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Law Enforcement under Incomplete Law: Theory and Evidence from Financial Market Regulation

  • Pistor, Katharina
  • Xu, Cheng-Gang
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    This Paper studies the design of lawmaking and law enforcement institutions based on the premise that law is inherently incomplete. Under incomplete law, law enforcement by courts may suffer from deterrence failure. As a potential remedy, a regulatory regime is introduced. The major functional difference between courts and regulators is that courts enforce law reactively, that is only once others have initiated law enforcement procedures, while regulators enforce law proactively, i.e. on their own initiative. We study optimal regime selection between a court and a regulatory regime and present evidence from the history of financial market regulation.

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    File URL: http://www.cepr.org/active/publications/discussion_papers/dp.php?dpno=3788
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    Paper provided by C.E.P.R. Discussion Papers in its series CEPR Discussion Papers with number 3788.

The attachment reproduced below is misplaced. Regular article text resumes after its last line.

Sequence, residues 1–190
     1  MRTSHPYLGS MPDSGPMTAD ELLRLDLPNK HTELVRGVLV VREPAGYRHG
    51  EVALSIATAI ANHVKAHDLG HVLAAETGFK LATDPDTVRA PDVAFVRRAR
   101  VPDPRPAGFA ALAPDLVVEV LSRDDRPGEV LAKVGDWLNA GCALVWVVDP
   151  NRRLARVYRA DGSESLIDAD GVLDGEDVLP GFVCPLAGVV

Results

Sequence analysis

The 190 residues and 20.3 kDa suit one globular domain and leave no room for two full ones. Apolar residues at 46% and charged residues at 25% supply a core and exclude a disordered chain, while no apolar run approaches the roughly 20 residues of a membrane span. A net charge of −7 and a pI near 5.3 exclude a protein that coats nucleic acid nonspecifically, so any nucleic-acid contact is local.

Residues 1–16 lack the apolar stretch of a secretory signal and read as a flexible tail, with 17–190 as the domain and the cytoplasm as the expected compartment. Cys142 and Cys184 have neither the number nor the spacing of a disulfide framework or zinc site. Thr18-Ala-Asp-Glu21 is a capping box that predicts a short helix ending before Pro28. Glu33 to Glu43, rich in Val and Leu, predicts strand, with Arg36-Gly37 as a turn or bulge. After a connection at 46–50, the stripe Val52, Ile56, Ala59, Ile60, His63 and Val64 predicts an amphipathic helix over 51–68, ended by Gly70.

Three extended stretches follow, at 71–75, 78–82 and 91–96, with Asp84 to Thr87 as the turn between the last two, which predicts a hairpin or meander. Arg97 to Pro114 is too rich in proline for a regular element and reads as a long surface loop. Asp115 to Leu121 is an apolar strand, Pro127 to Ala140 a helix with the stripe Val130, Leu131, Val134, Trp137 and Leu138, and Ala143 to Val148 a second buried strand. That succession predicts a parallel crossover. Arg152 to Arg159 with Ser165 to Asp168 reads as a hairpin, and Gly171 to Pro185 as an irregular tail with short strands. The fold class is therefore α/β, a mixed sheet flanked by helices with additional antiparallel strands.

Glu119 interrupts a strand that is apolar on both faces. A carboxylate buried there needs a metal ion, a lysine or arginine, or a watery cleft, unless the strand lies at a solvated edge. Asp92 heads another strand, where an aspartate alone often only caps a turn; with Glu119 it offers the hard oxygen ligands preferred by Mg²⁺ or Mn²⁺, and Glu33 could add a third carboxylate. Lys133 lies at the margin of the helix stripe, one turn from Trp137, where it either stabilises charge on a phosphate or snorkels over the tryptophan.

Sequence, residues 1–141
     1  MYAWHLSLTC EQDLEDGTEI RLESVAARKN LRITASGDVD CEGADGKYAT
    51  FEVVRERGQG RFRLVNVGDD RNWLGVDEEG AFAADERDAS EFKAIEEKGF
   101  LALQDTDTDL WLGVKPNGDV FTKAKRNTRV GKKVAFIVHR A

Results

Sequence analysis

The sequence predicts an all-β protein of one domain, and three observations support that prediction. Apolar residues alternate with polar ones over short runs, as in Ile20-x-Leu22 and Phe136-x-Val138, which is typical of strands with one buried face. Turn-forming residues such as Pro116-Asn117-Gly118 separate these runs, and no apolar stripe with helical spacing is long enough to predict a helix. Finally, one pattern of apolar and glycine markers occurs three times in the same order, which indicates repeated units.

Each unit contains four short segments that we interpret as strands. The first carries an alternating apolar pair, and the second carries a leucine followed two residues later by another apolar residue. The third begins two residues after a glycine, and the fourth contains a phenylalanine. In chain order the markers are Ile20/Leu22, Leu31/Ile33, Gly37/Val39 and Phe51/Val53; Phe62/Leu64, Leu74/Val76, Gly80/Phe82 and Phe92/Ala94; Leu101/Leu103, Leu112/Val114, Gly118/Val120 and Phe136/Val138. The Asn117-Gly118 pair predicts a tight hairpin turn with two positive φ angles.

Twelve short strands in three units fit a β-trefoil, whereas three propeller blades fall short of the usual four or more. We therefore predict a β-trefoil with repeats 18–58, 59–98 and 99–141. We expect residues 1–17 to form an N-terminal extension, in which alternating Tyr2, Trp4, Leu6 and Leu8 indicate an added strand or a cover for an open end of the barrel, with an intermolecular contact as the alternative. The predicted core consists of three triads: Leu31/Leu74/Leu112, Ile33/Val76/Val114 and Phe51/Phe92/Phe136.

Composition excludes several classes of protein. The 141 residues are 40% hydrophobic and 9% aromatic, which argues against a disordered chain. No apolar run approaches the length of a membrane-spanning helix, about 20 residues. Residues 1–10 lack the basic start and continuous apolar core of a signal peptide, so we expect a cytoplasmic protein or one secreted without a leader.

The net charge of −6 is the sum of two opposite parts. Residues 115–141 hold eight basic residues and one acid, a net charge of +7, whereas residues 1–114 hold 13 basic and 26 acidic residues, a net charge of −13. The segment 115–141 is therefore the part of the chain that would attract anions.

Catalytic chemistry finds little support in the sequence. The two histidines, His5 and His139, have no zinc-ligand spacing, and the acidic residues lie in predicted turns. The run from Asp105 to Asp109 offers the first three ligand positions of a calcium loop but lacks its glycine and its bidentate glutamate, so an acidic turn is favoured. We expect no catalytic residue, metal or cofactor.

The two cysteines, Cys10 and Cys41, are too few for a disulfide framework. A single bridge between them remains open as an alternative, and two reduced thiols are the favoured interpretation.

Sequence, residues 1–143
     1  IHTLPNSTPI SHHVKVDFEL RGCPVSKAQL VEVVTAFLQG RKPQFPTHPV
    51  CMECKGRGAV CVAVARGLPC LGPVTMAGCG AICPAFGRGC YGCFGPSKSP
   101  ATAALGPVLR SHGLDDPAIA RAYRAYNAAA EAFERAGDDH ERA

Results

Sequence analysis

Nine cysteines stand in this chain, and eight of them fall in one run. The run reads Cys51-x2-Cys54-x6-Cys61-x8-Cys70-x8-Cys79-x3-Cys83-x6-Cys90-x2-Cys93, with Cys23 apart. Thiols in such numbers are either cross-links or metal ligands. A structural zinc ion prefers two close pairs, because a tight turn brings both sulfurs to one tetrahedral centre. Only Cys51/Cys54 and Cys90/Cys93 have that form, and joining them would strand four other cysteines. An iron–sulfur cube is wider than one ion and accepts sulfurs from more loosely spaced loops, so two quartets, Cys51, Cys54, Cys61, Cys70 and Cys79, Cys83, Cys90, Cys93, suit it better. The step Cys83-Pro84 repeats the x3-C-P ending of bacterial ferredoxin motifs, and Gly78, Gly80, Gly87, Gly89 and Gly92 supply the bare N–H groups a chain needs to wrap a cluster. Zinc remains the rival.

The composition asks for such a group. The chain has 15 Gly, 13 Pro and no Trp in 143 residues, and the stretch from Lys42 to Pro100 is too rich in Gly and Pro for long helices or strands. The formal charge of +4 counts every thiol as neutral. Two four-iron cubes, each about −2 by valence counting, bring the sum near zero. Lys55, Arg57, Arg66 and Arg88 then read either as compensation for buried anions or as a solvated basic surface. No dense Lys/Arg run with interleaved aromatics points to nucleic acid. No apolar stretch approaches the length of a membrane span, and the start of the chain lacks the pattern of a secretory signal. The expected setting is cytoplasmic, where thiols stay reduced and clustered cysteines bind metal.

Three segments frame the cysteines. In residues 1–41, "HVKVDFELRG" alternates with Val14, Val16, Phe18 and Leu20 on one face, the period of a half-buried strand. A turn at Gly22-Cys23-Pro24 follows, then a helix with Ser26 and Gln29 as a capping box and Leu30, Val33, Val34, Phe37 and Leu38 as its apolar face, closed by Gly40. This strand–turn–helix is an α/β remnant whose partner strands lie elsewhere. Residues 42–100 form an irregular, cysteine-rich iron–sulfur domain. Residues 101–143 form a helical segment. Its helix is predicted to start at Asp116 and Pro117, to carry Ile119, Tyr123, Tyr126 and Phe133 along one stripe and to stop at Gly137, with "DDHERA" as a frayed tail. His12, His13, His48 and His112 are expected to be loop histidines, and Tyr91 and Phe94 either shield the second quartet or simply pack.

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    Date of creation: Feb 2003
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    Handle: RePEc:cpr:ceprdp:3788
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    13. Gary S. Becker, 1968. "Crime and Punishment: An Economic Approach," Journal of Political Economy, University of Chicago Press, vol. 76, pages 169.
    14. Edward L. Glaeser & Andrei Shleifer, 2001. "The Rise of the Regulatory State," Harvard Institute of Economic Research Working Papers 1934, Harvard - Institute of Economic Research.
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    17. Mookherjee, Dilip & Png, I P L, 1992. "Monitoring vis-a-vis Investigation in Enforcement of Law," American Economic Review, American Economic Association, vol. 82(3), pages 556-65, June.
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